From our interviews with Uber drivers we document how Uber changes and produces a new form of taxi driving. This refers to the intensification of work, de-skilling and re-skilling, the flexibility and new control of work; all resulting from this introduction of technology. We focus our attention on the everyday work experience. Taking a taxi ride has radically changed in quality and reliability, while at the same time for drivers, the work has become more flexible but also more demanding. Uber has also changed the skills required of drivers as the work of hunting for fares is being replaced by the demands of ‘emotional labour’. The new economic opportunities presented by lowering barriers to entry are also tempered by new financial risks for Uber drivers. There was considerable variety in how much drivers were paid – figures supplied by Uber avoid estimating the costs that drivers must meet, and the drivers are not in a position to bargain over the rates they get.
In our discussion, we focus on the conflicts between Uber as a for profit entity, and the conflicts between drivers’ interests and those of the company. On-demand labour is not without the dangers of casualization, but the flexibility it provides can provide real benefits to those who desire short or lightweight work commitments. We might even consider the role of researchers to influence, and even subvert labour-related intricacies and inequalities embedded in existing technological systems. Experimenting with these systems may allow us to understand better the nature of on-demand labour, as well as support more equitable exchanges between workers and marketplace organisers.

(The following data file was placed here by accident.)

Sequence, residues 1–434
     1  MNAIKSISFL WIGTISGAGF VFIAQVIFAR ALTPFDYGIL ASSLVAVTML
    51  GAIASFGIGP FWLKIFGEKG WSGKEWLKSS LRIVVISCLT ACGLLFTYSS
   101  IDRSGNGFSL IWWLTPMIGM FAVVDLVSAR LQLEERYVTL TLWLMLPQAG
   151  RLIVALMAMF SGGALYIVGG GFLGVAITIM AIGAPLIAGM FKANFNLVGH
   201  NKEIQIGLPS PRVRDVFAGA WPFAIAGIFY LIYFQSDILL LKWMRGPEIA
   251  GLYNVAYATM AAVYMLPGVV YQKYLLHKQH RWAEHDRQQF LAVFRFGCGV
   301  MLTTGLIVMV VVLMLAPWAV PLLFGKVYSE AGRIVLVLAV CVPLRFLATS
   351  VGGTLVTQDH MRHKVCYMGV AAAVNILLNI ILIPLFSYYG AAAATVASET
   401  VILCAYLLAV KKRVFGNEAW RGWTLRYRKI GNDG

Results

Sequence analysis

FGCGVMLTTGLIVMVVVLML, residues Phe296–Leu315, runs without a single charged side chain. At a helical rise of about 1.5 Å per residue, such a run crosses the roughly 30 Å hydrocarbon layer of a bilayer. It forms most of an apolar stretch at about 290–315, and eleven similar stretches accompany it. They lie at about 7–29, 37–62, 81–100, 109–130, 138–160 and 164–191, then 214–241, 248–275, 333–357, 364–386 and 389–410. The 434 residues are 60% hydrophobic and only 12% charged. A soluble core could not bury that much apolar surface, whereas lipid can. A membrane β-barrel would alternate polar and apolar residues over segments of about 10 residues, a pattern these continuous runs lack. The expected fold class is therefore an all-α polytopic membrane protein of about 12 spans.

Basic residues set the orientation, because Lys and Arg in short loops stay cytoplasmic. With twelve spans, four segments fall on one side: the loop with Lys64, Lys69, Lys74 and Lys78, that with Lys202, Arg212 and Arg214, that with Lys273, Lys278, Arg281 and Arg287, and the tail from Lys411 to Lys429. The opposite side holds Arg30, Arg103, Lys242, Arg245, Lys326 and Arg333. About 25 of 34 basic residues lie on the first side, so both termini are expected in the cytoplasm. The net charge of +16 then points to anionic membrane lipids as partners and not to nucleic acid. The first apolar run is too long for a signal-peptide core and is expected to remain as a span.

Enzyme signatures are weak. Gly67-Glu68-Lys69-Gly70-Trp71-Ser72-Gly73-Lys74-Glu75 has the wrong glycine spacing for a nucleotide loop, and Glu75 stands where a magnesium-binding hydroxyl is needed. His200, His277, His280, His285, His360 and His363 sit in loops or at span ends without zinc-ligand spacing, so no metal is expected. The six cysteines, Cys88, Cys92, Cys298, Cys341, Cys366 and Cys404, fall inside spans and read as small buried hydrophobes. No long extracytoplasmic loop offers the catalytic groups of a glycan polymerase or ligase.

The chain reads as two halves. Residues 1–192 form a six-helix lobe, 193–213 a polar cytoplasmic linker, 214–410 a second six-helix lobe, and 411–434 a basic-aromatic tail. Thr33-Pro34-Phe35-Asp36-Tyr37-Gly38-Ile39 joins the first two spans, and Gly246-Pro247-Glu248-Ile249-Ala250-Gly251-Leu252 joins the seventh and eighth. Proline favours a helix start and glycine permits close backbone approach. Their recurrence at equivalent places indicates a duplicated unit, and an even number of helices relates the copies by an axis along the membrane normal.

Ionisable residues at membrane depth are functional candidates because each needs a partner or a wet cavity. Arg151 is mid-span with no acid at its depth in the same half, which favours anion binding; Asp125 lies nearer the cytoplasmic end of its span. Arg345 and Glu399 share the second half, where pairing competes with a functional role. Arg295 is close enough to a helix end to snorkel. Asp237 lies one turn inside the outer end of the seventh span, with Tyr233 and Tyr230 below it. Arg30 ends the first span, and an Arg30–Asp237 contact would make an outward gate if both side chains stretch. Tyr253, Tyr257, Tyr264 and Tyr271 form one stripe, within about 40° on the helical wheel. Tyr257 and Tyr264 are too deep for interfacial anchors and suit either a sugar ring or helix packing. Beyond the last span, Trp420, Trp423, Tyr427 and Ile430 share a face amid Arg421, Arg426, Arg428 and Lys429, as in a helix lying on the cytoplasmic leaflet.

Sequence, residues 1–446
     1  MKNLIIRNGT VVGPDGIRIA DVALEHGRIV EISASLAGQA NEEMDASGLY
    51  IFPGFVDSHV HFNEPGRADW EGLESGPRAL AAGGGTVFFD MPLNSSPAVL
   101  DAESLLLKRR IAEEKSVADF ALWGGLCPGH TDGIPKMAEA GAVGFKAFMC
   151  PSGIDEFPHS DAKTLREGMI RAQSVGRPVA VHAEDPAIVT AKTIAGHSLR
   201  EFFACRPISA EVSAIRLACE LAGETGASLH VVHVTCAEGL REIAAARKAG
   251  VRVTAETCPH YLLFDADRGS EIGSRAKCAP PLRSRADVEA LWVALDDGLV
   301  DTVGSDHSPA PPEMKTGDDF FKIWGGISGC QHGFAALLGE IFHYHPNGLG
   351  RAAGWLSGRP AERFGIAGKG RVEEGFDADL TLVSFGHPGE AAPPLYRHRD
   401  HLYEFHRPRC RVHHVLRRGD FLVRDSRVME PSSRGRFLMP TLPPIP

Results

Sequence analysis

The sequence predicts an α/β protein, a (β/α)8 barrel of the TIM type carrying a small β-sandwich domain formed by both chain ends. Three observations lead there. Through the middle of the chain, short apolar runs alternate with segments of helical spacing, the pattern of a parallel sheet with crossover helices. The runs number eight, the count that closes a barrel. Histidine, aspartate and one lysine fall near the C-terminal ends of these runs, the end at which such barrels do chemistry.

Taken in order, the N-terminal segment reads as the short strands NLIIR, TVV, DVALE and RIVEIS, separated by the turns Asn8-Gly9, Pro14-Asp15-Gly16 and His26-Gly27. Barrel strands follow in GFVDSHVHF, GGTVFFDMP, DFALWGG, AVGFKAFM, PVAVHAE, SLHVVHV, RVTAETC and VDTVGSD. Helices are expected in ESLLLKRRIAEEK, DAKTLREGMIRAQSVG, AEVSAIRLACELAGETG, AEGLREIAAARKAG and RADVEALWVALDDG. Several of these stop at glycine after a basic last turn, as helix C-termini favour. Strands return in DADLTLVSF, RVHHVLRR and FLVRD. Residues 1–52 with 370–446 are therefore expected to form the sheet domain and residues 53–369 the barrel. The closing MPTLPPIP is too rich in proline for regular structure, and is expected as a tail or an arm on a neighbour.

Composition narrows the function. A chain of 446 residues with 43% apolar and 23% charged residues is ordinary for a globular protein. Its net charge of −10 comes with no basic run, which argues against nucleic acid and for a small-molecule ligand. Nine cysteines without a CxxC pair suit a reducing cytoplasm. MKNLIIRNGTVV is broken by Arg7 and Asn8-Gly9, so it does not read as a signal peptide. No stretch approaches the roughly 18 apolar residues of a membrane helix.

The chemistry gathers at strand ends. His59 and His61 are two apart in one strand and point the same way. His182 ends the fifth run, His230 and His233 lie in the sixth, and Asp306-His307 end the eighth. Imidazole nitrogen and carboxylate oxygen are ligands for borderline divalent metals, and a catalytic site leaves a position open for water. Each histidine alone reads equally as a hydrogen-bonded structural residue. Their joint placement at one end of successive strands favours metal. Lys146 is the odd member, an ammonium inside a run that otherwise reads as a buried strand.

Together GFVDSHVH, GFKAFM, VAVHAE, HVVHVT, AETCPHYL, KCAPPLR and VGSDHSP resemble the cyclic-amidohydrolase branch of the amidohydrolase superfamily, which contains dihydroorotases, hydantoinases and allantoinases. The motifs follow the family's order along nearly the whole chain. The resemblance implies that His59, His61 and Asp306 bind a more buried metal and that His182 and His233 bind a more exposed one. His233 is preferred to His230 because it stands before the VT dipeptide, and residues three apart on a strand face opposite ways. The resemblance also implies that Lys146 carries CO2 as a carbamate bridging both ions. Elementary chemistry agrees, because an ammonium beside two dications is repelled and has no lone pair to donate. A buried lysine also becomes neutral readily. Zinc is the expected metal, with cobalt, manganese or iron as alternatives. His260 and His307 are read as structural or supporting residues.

Aigrain, Philippe. 2012 Sharing: Culture and the Economy in the Internet Age. Amsterdam University Press.
Belk, Russell. 2014 You Are What You Can Access: Sharing and Collaborative Consumption Online. Journal of Business Research 67(8): 1595–1600.
Cooper, James, Ray Mundy, and John Nelson. 2010 Taxi!: Urban Economies and the Social and Transport Impacts of the Taxicab. Ashgate Publishing, Ltd.
Fleisher, Lisa. 2014 Thousands of European Cab Drivers Protest Uber, Taxi Apps: Protesters in London, Madrid, Milan Say the Apps Skirt Regulations. Wall Street Journal, June 11.
Hara, Dan. 2011 Taxicab Regulations and Taxi Driver Income: Report Prepared for the Taxicab Inquiry of Victoria, Australia. Ottawa.
Hodges, Graham Russell Gao. 2009 Taxi!: A Social History of the New York City Cabdriver. JHU Press.
Irani, Lilly. 2015 Difference and Dependence among Digital Workers: The Case of Amazon Mechanical Turk. South Atlantic Quarterly 114(1): 225–234.